Swiss public narrowly backs spending on new fighter jets in referendum

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A black fighter jet drawing with the word "Nein!" ("No!") written across it
Translated by
Natalia García (ES)

In late September, members of the public in Switzerland took part in a referendum in which they were asked whether the state should commit to spending CHF6bn (US$6.49bn) on a fleet of new fighter jets. The spending plan was passed by just 9,000 votes, or 50.1% of the three million voters who took part.

In response to the result, the referendum committee said "The result shows that the public's skepticism towards this billion-dollar blank check extends far beyond the left-wing camp. That is why the referendum committee sees the result of the vote as a success... almost 50% seem to be of the opinion that Switzerland would be able to manage without high-performance fighter jets."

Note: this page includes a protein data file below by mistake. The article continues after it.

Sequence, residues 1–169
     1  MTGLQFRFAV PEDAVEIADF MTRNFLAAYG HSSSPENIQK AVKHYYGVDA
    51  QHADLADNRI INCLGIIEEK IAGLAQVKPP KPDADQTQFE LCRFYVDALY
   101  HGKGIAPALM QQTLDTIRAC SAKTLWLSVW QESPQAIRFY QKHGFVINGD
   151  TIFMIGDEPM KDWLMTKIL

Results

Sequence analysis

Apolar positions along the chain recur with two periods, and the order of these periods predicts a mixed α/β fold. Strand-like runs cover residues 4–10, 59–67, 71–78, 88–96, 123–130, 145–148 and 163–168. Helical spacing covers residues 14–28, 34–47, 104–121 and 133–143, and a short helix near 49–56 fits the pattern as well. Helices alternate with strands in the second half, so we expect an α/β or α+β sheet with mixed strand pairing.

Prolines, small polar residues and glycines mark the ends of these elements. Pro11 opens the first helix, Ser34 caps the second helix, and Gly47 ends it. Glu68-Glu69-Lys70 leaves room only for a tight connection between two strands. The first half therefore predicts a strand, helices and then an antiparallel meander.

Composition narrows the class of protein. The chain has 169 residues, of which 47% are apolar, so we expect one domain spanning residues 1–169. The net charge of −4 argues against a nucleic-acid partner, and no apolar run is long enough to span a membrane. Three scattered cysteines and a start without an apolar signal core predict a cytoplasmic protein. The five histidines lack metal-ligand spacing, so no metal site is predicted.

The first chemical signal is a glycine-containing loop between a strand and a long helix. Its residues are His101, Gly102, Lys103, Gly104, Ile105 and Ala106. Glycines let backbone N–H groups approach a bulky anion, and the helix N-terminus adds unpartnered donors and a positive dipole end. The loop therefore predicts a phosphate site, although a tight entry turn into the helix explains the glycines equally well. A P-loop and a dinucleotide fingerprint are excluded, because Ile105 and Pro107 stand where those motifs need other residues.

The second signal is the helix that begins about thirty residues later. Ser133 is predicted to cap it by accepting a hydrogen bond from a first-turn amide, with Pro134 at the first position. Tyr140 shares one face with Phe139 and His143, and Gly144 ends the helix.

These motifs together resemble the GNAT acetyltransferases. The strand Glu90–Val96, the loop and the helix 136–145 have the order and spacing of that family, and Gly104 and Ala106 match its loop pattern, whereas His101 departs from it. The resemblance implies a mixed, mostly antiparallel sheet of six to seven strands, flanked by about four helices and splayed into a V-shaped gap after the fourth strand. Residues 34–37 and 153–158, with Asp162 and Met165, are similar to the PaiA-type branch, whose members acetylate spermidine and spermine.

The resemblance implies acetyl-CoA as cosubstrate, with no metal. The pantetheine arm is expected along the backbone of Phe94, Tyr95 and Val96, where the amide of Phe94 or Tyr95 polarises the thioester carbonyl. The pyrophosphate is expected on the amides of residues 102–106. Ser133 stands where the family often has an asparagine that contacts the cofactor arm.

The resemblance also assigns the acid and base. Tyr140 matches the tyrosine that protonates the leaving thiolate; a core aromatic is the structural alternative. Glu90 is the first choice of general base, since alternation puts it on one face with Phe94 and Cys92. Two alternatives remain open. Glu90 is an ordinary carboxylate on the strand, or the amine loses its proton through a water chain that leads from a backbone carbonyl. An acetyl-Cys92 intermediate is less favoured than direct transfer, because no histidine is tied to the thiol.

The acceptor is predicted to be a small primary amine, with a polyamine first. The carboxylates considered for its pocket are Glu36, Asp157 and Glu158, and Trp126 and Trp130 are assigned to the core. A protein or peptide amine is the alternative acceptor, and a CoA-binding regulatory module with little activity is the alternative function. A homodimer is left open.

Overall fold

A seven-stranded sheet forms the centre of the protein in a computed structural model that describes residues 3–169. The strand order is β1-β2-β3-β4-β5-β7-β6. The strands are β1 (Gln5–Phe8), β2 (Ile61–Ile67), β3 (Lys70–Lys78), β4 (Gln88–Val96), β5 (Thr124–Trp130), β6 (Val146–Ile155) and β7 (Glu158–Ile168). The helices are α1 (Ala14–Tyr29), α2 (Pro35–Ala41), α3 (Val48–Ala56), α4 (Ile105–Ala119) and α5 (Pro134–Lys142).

The government will now move ahead with replacing the army’s fleet of F-5 Tigers and F/A-18 jets, which it aims to do by 2030. The finance package the Swiss public were voting on also includes a ground-based air defence system, valued at US$2bn.

WRI’s affiliate in Switzerland, Gruppe für eine Schweiz ohne Armee (Group for Switzerland without an Army) led the official opposition campaign and has announced it will continue to campaign against the plans, and said that despite the narrow victory the result didn’t mean the armed forces had a “free pass”. GSOA also highlighted the massive propaganda campaign launched by the Federal Department of Defence, Civil Protection and Sport – of which the Federal Office for Defence Procurement is affiliated - in support of the “yes” vote, and said that they didn’t fulfil their duties to provide the population with factual information throughout the campaign.

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